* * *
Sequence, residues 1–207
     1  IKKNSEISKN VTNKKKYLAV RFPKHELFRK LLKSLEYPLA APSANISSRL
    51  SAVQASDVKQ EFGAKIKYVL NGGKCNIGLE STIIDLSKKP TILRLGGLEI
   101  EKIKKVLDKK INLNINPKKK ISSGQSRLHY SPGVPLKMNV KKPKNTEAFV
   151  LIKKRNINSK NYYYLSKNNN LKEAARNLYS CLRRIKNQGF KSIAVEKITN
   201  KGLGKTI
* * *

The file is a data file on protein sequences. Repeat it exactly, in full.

Sequence, residues 1–207
     1  IKKNSEISKN VTNKKKYLAV RFPKHELFRK LLKSLEYPLA APSANISSRL
    51  SAVQASDVKQ EFGAKIKYVL NGGKCNIGLE STIIDLSKKP TILRLGGLEI
   101  EKIKKVLDKK INLNINPKKK ISSGQSRLHY SPGVPLKMNV KKPKNTEAFV
   151  LIKKRNINSK NYYYLSKNNN LKEAARNLYS CLRRIKNQGF KSIAVEKITN
   201  KGLGKTI